Date Tags brands

A brand community is a special kind of community. All brand communities we’re discussing aspire to serve both (1) members and (2) at least one organizational (brand) goal.

In this discussion, an authentic brand community includes all these elements:

  • Members who share a mutual concern for one another’s welfare

  • Members who share a connected identity founded in shared core value(s) and purpose5

  • Members who participate in shared experiences reflecting the shared value(s) and purpose

This working definition is purposefully broad. Many principles for building different kinds of brand communities apply across the board.

Successful brand communities like SEO Leeds serve both members’ and the organization’s goals. If a community fails to serve one or the other, you’ll have trouble inspiring one or the other to participate as soon as it figures that out. Building brand communities takes work, and there’s no reason to do the work unless there’s a benefit to all involved.

When a community is connected to an established organization (for example, an SEO Agency), it’s important that the community’s and organization’s goals overlap, align, or complement one another. For example, Yelp is a crowdsourced review forum for local businesses. Today it attracts more than seventy million people a month through its mobile app and website. Yelp’s purpose is to guide readers to helpful resources including reviews. Yelp Elite members (a brand community) want to connect with other review writers to share friendship, experiences, and grow better at writing reviews. All intentions are aligned.

The same is true for the Harley-Davidson Motorcycle Company and the Harley Owners Group (HOG). Riders want to ride, and Harley wants to sell motorcycles, merchandise, and accessories. In both cases, no one wins by holding back the other side. If the organization’s goals are not in alignment with those of members, then there is a real question whether the organization can offer genuine value to members.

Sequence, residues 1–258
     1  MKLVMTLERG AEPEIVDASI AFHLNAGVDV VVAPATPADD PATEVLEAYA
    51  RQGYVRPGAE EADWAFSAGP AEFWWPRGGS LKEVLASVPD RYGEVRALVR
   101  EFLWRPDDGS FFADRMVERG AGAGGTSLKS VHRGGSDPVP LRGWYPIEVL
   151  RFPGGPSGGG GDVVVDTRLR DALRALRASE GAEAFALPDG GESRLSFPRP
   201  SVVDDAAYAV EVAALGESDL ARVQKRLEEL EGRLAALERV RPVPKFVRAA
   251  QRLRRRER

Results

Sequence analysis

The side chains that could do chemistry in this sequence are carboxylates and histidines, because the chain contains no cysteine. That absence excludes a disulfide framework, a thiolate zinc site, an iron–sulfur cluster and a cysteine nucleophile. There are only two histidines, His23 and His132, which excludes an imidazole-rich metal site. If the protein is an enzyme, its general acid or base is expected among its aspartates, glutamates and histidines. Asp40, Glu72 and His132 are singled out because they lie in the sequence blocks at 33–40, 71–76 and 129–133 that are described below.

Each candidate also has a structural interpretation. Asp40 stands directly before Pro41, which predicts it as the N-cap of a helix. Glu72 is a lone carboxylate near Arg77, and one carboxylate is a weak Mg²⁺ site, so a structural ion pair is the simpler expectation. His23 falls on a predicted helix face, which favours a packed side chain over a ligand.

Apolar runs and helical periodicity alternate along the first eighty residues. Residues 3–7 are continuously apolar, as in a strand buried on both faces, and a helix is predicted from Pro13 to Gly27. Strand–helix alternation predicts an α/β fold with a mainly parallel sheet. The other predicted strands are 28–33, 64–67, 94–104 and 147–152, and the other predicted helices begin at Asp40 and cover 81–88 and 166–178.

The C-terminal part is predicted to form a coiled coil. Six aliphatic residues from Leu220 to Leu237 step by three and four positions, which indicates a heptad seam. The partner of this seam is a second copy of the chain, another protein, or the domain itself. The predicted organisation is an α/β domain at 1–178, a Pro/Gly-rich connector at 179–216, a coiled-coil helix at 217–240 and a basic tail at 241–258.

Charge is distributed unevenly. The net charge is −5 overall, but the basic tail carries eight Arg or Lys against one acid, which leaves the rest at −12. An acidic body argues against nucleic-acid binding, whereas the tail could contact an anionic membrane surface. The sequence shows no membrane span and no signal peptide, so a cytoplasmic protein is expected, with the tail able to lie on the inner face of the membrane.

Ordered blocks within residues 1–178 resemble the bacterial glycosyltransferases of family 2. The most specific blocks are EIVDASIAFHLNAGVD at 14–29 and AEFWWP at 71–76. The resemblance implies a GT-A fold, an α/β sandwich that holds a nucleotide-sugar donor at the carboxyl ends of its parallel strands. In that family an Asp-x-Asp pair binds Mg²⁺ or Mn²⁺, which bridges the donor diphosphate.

When a brand community stands alone as an organization (e.g., the Oakland Adventure Club), then typically there’s no conflict between the purposes of the organization and those of the members.

For the sake of clarity, we offer a few examples of brand communities to at least scratch the surface of what’s out there:

  • Activist community. The United Religions Initiative (URI) connects individuals promoting interfaith cooperation and ending religiously motivated violence.

  • Celebrity fan community. World-famous performer Lady Gaga created the Little Monsters fan community to connect and support her global fans.

  • Collaborator community. Google gathers invited thought leaders together in “Labs” to collaborate on an envisioned future and influence Google investments and spending.

  • Customer community. Online streaming platform Twitch created the Community Meetups program to connect their users in cities around the world.

  • Employee community. Home builder True Homes invests in many events and activities to connect all its employees in satisfying ways.

  • Enthusiasts community. HOG chapters connect brand enthusiasts who own Harleys or are invited guests of Harley owners.

  • Professional community. The New York State Association of Independent Schools connects education professionals to support one another across their region.

  • Sports community. The California Dragon Boat Association connects boat paddlers.

  • Volunteer community. Global software company Salesforce created the Trailblazer Community made up of users who volunteer to support other users.